J N Darby was not a Hebraist - in 1867, he described Hebrew points and their changes as "not exactly my line of things", and right at the end of his life in 1881 he commented about other Greek scholars that they were "much better Hellenists than myself".

    He also needed a lot of help with C19 German and French. One commentator wrote about the French version, "Dans la préparation de sa version, M. Darby a eu pour collaborateur M. Schlumberger, de Mulhouse, ce qui explique la supériorité du style sur celui des écrits de M. Darby lui-même."

    1. Yes Joan, my 1961 edition also makes no mention of Darby on the title page, similar to the old Morrish edition. Darby would have been most upset to have his name published as is now done.

      The various introductions and extracts of my 1961 make numerous references to Darby's writings and comments without acknowledging any others such as Tregelles, Brockhaus, Von Poseck etc.

      In one of his letters he wrote to a person who had extolled Darby by name in one of this person's tracts or publications. Darby was upset, and strongly requested that the reference to him be removed on further issues.

  3. Some readers may be interested in the fine oil portrait of the 46 year old Pierre Schlumberger (1818-1889) by Gustave Ricard (1823-73) which is now in the Musée des Beaux-Arts, Pau, France. Google to find it.

    M and Mme Schlumberger were much appreciated by J N Darby for their hospitality in Pau over many years. In a final letter to Pierre as he was dying, John Darby expressed his appreciation to Madame Schlumberger. (Originally, Pierre Schlumberger was from Alsace, but he had moved south for reasons of health.)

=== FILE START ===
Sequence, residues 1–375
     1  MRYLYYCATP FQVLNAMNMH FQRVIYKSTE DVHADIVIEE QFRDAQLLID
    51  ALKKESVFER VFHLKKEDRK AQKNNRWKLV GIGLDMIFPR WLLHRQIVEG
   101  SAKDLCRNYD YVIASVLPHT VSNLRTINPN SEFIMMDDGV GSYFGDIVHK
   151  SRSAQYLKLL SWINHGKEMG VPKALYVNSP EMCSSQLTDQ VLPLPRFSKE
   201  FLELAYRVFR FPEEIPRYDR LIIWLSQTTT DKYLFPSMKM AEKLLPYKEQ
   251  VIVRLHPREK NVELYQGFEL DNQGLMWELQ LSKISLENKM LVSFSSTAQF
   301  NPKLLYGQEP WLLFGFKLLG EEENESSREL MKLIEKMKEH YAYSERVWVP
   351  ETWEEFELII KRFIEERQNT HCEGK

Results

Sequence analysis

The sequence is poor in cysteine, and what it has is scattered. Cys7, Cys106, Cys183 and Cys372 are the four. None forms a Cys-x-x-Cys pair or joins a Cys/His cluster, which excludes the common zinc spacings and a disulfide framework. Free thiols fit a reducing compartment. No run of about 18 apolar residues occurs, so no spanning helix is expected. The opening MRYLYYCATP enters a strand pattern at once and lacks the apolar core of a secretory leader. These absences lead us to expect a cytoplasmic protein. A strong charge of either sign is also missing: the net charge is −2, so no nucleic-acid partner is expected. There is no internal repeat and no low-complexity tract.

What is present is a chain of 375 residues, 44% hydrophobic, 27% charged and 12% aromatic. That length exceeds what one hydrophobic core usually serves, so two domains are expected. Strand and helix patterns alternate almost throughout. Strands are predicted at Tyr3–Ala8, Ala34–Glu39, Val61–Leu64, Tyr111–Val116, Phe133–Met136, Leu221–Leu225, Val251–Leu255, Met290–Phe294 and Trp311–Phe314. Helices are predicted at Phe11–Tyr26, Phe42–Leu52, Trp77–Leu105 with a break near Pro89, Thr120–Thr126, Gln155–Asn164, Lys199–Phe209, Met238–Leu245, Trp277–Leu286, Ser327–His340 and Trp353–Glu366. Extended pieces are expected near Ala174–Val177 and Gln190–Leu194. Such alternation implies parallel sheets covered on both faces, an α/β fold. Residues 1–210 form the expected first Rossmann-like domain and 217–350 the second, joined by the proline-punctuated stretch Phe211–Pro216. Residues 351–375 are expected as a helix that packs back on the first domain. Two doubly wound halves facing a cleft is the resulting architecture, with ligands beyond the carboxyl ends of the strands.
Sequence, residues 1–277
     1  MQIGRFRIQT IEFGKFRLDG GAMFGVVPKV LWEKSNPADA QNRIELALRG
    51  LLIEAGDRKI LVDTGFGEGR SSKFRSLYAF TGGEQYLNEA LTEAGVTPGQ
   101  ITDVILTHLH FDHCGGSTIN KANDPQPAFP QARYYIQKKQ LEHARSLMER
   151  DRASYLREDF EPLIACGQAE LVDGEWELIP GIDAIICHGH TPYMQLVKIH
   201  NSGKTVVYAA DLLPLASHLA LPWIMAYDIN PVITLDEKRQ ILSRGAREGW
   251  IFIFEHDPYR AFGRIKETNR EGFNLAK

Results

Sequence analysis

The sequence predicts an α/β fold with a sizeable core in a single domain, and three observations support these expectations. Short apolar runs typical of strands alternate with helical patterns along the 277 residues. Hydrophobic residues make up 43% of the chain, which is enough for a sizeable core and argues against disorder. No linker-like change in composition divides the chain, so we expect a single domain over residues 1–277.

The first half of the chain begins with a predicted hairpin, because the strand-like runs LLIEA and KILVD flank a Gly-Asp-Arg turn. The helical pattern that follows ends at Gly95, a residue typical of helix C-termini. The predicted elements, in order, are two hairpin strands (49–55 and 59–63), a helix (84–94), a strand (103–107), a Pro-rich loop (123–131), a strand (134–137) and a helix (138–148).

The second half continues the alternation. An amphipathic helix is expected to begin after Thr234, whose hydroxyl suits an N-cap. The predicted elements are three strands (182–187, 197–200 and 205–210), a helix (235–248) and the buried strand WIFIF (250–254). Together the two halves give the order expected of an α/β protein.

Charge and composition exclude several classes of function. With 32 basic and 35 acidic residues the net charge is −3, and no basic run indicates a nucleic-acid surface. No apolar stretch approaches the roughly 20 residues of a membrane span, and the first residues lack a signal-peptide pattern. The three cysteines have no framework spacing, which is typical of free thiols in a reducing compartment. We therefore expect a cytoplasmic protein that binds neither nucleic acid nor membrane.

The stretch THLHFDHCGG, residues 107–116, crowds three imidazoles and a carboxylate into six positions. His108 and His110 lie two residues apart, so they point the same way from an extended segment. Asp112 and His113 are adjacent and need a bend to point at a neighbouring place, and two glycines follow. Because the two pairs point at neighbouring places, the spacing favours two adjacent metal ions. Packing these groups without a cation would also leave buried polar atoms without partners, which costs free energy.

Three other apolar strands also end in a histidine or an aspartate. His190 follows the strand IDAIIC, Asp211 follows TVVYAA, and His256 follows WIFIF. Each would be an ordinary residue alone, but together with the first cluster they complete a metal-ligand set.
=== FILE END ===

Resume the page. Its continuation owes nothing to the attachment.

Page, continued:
Please note: In my posting above I should have named E L Bevir as one of J N Darby's translating colleagues in France, alongside Messrs Lowe and Schlumberger.

    1. Dear Joan

      For further details about Pierre Schlumberger, see "Mes Souvenirs" (1844-1928), of Gustave Schlumberger,

      Yours faithfully,

      Dr. B. THIERRY, Strasbourg, France

  4. This is all very interesting - I had no idea. I seem to learn something new every week. Thank you Ian and Joan. I agree Joan that the other translators should be credited and not just JND. Am I right in thinking that the other translators were not brethren?

    1. Jill - former and current Brethren will know better than I do, but I think that the men who helped John Darby with the German and French Bible translations were happy to collaborate with him when they were young adults. In time, some moved away from active involvement with him and his group of Exclusive Brethren.

      I don't think it's unfair to say that J N Darby was most at home when he was teaching and leading small groups of young men in Switzerland, Germany and France. If you read the Wikipedia article on the Darby Bible, you will find the birth dates of some of his fellow translators, and they are all considerably younger than him. He would, if you like, have been the 'chairman' of the Bible translations' 'committees', and there is documentary evidence that he very much appreciated the help of these colleagues. He admitted several times that he found translating the Bible extremely arduous. He said he would far rather be engaged in other ministry.

      BTW - I always like the fact that William Kelly, John Darby's younger British colleague (also a Bible translator in his own right), was able to use the linguistic expertise of his second wife to help him translate the ancient languages. I believe it was William Kelly who prepared the final version of J N Darby's English Old Testament after Darby had died. He, of course, had also left the Darbyite group of Exclusive Brethren by then.